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  Architecture and Blogging  
  Published in AIA AssociateNews, July 2005 - Edition 28  
  "[Archi]culture"  



 

While Rem Koolhaas may bemoan the slowness of architecture, attesting that the process takes an average of five years from start to finish, the same can be said about print journalism. While the lag time can’t be measured in years, the news featured in magazines like Architecture and Architectural Record can be weeks or even months behind. Web pages – in particular web logs, or blogs – furnish readers with news about architecture and design almost immediately. And while great web pages like ArchNewsNow and Arcspace deliver news and reviews in a timely fashion, they aren’t as fast as blogs and they typically follow the same rules as printed magazines, like fact-checking and editorial review. Blogs, on the other hand, are usually independently-run entities that don’t follow these rules, a trait that makes them unique but also makes them dangerous. But in today’s age of information overload, the reader already has a greater responsibility of what to read, who to trust, and what to believe, so blogs become an additional ingredient in the mix.

In addition to characteristics of speed, blogs have four things in their favor: ease of publishing, ability to opine, ability to create news, and immediate reader feedback. Posting to my page (A Daily Dose of Architecture) is as easy as 1. Clicking “Create New Post”, 2. Adding content (ok, not so easy, but I’ll get more in depth to this step soon), 3. Clicking “Publish Post”. Immediately it is available to anybody with access to the internet and it’s also delivered via a feed to anybody subscribing to the blog.

Of course, step 2 above is the most important step, and the ability to opine and create news is one of the best aspects of blogging. Many blogs merely provide links to other web pages, be them news, online journals, or other blogs (I’ll admit I’m guilty of that, especially when I’m too busy to devote much time to the endeavor). But if something strikes my fancy and I want to express my take on it, I have my own forum to share those ideas, and sometimes those posts are linked to and then are shared with even more people.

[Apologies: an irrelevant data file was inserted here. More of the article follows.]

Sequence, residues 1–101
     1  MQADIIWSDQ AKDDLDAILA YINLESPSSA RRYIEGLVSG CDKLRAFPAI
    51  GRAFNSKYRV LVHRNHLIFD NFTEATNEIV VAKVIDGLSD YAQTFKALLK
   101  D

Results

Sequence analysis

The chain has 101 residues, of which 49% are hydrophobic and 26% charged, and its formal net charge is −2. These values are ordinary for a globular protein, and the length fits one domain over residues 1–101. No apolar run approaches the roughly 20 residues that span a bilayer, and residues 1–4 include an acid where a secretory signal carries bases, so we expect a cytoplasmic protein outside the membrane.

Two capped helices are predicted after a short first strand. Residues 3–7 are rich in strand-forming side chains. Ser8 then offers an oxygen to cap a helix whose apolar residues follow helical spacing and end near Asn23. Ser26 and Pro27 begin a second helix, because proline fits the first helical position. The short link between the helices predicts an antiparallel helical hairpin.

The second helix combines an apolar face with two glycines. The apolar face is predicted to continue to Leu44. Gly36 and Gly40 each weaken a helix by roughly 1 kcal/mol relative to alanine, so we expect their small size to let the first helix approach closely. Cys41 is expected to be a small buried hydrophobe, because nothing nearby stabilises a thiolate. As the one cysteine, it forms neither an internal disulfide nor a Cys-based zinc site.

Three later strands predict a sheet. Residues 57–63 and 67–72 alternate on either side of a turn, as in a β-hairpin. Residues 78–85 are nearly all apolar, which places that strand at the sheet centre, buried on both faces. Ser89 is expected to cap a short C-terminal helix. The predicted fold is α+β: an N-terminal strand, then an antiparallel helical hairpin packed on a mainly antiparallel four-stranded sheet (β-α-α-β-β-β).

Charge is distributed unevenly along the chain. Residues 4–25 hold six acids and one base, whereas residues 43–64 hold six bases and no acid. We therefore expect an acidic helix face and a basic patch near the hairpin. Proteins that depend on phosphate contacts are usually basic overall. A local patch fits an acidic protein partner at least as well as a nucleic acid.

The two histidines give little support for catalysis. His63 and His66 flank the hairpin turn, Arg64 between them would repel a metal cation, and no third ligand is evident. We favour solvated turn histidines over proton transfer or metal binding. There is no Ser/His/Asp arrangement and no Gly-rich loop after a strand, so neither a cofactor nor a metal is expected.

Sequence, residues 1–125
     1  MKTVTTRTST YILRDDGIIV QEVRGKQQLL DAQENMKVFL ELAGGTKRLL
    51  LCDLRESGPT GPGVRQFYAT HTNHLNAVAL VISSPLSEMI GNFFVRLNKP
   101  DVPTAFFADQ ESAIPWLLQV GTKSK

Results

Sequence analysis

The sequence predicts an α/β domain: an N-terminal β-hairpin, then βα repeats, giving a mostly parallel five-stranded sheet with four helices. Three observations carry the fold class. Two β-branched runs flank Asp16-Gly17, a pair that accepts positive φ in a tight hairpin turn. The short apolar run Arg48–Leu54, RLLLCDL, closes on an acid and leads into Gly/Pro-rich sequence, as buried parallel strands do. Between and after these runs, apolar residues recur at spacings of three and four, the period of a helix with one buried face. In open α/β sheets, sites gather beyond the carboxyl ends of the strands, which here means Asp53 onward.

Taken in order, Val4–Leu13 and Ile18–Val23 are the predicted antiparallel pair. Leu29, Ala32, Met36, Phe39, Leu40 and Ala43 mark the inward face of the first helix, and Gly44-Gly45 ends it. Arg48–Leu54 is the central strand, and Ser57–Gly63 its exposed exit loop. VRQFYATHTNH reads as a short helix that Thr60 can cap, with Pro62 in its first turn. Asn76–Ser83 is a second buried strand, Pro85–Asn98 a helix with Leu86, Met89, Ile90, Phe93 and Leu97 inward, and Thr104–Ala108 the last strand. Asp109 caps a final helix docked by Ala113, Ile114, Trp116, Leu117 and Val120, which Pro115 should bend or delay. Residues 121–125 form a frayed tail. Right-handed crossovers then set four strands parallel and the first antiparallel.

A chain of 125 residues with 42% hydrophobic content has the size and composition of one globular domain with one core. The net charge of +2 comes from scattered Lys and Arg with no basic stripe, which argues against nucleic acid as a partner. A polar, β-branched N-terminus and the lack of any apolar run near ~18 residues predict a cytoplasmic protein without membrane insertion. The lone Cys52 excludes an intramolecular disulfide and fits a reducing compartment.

In terms of creating news, many of the web pages that follow print standards use press releases and other industry means to decide what news is, but bloggers can initiate a topic or provide a spin on something that then can spread around the internet. The recent awarding of an Urban Design Award to Frank Gehry by the Congress for New Urbanism is a good example. What might have received a paragraph or two in print and online magazines was made into a big topic of conversation by many people who believed that the award was puzzling, possibly unwarranted, and probably a publicity ploy. In addition these opinions would not be expressed in other places, and the discourse it creates (when intelligent and considered) can only help the shaping of the built environment.

Which brings us to the last aspect of blogs that sets them apart from typical journalism: reader feedback. As quickly as I post an entry to my blog, somebody can respond with a comment. They can tell me I’m right, I’m wrong, I forgot to consider this, I forgot to consider that, etc. It’s an exchange of ideas that (hopefully) leads to an exchange of interesting insights and ideas. And while many people use comments as a forum for personal insults and other nastiness, it is the nature of free-speech in our information society that as readers we must weed out the good from the bad, the intelligent from the condescending.

But I’d like to end this on a positive note. Since starting my blog as an extension of my first web page (A Weekly Dose or Architecture), I have been fortunate enough to make contact with many people around the country and around the world – sometimes in person – that I wouldn’t have been fortunate to “meet” otherwise. In this way, blogging expands the architectural community. It brings various people together in an unspoken, but shared, goal of improving our surroundings through unmediated presentation, criticism, and discussion.

 
:: Text © John Hill
     
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